‘Rocky’ shock for China makes Trump Hong Kong hero

The Hong Kong Polytechnic University became the epicentre this month of the territory's increasingly violent protest movement

The Human Rights and Democracy Act mandates an annual review, to check if Hong Kong has enough autonomy to justify its special status with the US.

The Act also threatens sanctions on Chinese and Hong Kong officials for human rights violations.

China's foreign ministry has reacted by saying that the U.S. is "going down the wrong path", and that there would be "counter measures".

It's been a rocky week for US relations with China, just as the two sides seek a deal to end a damaging trade war.

It said American interference in Hong Kong was doomed to fail.

Taiwan's Legislative Speaker Su Jia-chyuan (蘇嘉全) of the ruling Democratic Progressive Party (DPP) said when governments and people around the world speak out in support of the Hong Kong people, it shows that democracy has become a way of life pursued by all people.

Trump's signing of the Hong Kong bill was another major miscalculation.

It bans the export of certain non-lethal munitions to Hong Kong police.

"[The bills] are being enacted in the hope that leaders and representatives of China and Hong Kong will be able to amicably settle their differences, leading to long-term peace and prosperity for all", Mr Trump said.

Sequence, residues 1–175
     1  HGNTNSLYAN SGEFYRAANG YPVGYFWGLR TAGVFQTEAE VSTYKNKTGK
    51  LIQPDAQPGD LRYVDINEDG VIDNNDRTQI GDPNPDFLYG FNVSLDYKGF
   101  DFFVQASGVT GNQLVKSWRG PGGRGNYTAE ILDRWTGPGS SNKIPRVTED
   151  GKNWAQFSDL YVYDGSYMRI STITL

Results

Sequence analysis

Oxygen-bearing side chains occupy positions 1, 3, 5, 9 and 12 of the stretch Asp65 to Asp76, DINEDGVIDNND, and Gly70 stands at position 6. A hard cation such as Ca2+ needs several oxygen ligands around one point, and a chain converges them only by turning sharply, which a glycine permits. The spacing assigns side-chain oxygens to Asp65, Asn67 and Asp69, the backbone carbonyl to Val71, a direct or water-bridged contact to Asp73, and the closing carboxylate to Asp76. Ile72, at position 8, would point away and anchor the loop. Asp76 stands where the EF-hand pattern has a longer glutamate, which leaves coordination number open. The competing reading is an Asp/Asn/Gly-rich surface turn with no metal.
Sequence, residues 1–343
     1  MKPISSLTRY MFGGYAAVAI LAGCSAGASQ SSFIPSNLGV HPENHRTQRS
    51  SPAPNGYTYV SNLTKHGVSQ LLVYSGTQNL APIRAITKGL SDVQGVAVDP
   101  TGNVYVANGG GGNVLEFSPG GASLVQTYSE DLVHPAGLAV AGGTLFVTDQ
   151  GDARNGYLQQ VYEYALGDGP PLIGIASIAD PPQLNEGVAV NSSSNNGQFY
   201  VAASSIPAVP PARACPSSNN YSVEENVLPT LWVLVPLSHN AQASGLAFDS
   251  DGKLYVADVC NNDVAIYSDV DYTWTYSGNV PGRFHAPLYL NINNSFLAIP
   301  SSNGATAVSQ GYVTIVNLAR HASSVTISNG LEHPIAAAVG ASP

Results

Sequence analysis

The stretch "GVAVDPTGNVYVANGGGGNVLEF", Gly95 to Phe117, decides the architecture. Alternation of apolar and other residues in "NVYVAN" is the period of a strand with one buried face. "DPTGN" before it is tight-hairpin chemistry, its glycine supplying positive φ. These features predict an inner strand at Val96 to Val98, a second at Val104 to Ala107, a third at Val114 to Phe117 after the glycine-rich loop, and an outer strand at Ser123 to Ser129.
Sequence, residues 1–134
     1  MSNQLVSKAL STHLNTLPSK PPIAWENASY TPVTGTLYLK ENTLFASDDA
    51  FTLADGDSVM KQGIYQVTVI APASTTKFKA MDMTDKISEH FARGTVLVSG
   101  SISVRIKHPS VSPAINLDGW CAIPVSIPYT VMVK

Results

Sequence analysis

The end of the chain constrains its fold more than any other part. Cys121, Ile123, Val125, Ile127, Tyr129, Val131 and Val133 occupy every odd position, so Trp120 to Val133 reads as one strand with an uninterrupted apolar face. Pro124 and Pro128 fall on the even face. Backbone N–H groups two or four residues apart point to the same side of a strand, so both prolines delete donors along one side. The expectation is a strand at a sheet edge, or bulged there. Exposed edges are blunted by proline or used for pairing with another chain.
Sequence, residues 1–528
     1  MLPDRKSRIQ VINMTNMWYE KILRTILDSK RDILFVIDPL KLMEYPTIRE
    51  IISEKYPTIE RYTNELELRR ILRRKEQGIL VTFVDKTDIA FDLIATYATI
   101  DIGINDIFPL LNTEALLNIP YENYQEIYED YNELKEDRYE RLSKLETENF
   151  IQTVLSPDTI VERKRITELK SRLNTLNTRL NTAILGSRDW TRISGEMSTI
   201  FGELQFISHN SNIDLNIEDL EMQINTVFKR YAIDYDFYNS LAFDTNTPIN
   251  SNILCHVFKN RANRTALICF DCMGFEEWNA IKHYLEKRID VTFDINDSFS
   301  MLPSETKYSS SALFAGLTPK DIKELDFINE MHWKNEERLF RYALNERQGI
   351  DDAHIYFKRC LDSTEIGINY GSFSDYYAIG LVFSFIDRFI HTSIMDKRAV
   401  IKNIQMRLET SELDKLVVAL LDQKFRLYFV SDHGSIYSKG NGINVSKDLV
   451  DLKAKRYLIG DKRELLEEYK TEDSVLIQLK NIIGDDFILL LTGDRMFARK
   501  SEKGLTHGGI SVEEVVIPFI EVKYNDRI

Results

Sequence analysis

What does the law say?

Hong Kong police entered the Polytechnic University on Thursday after a almost two-week siege that saw some of the worst clashes between protesters and security forces.

"The most needed prospect of certainty for business will vanish", said Shi, who expects China to adopt a tougher stance on trade and other issues.

Hong Kong's protests are fuelled by years of seething anger over China's perceived erosion of liberties in the semi-autonomous city.

Among other things, Hong Kong's special trading status means it is not affected by USA sanctions or tariffs placed on the mainland.

In response, the US Embassy in Beijing said China's Communist Party "must honor its promises to the Hong Kong people".

Those are set to expire in 2047, and many in Hong Kong are uncertain about their future.

A rally planned for Dec.8 by Civil Human Rights Front, the group that organised million-strong marches in June, is expected to provide the best gauge of how support for the pro-democracy movement is holding up.

Activists - armed with bricks, petrol bombs, and even bows and arrows - attacked the police lines during the siege.

The presence of United States and UK flags at protests has led to China accusing external forces of fueling the unrest.

The elections saw a landslide victory for the pro-democracy movement, with 17 of the 18 councils now controlled by pro-democracy councillors.

The Hong Kong Polytechnic University (PolyU) reopened on Friday after the security team cleared the campus of risky items and weapons left behind by rioters, a police official confirmed.

After university leaders said nearly all protesters had left, police teams moved in on Thursday to gather a huge haul of Molotov cocktails and other weapons left behind after the occupation. One of most prominent figures, Joshua Wong, was reported by Bloomberg as "lauding" the decision.

Hundreds of police officers entered the ruined campus of Polytechnic University yesterday to collect evidence, removing risky items including thousands of petrol bombs, arrows and chemicals which had been strewn around the site.

It's not clear whether the officers found any remaining students.

The democracy bill also supported numerous protesters demands.

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